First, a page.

Posts tagged ‘Stripesy’

Adventure 443 – Aquaman vs the Fisherman, and Seven Soldiers of Victory ends

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Aquaman did not have many recurring villains in his own comic, but Adventure 443  (Feb 76) brings back the Fisherman, a third-rater at best.  Still, the story, by Paul Levitz and David Michelinie, with art by Jim Aparo, is pretty good.

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Aquaman intercepts some people hunting a dolphin, but discovers that they are French police, and the dolphin is being used for heroin smuggling.  Following the animal, Aquaman discovers the Fisherman is running the operation.  This was the first appearance of the character since the 60s, and though he captures Aquaman, another long-unseen character frees him.

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Topo had not been used in an Aquaman story since issue 36 of his old book, but becomes a regular supporting character again with this issue.

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The kicker to the story comes only on its last page, as Aquaman is dethroned by vote of the council, and the mysterious Karshon becomes the new King of Atlantis.

 

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The conclusion of the Seven Soldiers of Victory saga, with art by Dick Dillin, is a bit of a let-down.  The team reconvenes, and Willie the Wisher sends a battery of beasts against them.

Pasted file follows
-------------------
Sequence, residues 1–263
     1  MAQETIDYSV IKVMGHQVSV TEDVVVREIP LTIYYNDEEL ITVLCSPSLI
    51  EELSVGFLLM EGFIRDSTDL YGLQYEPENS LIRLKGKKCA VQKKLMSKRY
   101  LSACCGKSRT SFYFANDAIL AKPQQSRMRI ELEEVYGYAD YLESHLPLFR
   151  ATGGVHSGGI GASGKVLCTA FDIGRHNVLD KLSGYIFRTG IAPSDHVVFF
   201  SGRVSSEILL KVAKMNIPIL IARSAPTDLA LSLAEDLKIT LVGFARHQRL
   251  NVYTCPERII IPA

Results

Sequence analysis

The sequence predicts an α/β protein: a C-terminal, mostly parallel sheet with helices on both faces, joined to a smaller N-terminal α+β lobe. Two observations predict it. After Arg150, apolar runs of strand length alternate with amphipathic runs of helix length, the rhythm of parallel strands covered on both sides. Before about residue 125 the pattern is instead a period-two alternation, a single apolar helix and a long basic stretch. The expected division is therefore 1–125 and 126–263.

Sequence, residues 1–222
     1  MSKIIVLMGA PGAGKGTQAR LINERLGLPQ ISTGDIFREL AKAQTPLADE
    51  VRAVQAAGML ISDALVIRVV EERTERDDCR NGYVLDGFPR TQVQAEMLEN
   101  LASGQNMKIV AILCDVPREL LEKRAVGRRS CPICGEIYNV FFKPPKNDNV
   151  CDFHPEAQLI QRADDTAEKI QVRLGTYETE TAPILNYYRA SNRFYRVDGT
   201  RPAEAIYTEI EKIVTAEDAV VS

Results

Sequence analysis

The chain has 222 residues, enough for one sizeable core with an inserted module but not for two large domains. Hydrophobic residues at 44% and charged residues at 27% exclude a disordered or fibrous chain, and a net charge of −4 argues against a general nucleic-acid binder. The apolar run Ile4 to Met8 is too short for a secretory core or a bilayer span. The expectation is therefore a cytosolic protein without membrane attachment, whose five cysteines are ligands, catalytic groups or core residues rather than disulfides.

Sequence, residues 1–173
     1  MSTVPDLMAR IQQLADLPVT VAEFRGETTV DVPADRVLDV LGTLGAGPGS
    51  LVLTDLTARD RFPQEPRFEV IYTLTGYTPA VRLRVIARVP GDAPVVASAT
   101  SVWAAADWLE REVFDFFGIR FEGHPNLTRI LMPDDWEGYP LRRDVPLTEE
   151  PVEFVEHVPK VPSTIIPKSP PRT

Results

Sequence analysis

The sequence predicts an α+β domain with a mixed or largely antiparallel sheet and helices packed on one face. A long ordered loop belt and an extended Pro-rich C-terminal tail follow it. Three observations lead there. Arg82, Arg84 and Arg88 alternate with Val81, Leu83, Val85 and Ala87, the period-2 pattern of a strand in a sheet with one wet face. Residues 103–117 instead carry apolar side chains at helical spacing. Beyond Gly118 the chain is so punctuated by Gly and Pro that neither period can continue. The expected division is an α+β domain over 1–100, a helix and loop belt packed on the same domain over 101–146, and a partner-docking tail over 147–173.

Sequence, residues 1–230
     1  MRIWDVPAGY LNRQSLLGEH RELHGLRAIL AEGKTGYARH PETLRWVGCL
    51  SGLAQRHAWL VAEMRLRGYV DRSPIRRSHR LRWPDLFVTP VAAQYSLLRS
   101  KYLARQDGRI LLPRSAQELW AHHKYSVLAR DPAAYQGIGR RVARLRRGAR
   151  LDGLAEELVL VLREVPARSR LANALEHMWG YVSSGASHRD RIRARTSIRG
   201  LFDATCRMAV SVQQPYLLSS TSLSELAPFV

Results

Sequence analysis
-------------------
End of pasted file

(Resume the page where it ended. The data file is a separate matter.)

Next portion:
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They defeat the creatures, and make Willie feel bad for his actions simply by talking about it.  Willie makes himself disappear.  Well, that was easy.

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In the end we discover that the events were all made into a film, but no one believes it because no one remembers Willie – even though all the activity occurred not on Earth, but in the Land of Magic.  So why would anyone on Earth be aware of it anyway?

Still, most of  the original tales of the Seven Soldiers of Victory were similarly pretty weak, so this is simply on par with their published adventures.

As a team, the group never appears again, except in flashbacks, or in All-Star Squadron issues, set in the 1940s.  The story clearly takes place before the events in Justice League of America 100-102, as Wing is still alive.

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Adventure 441 – Aquaman begins, for the third time, and the Star-Spangled Kid chapter of the SSoV

Adv_441__Aquaman

After the success of his back-up series, Aquaman returns to become the lead feature in Adventure 441 (Oct 75).  Paul Levitz and David Michelinie are credited as writers, and Jim Aparo, who did superb work on Aquaman’s own book in the late 60’s, does the art.

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Captain Demo makes a mysterious threat, and in response Aquaman turns over the city of Atlantis to the one-armed pirate.  Mera actually gets to do something, instead of just standing around being wifely, but her attack on Demo is thwarted when Aquaman attacks her to defend him.

Vulko gets the just-standing-around role in her place.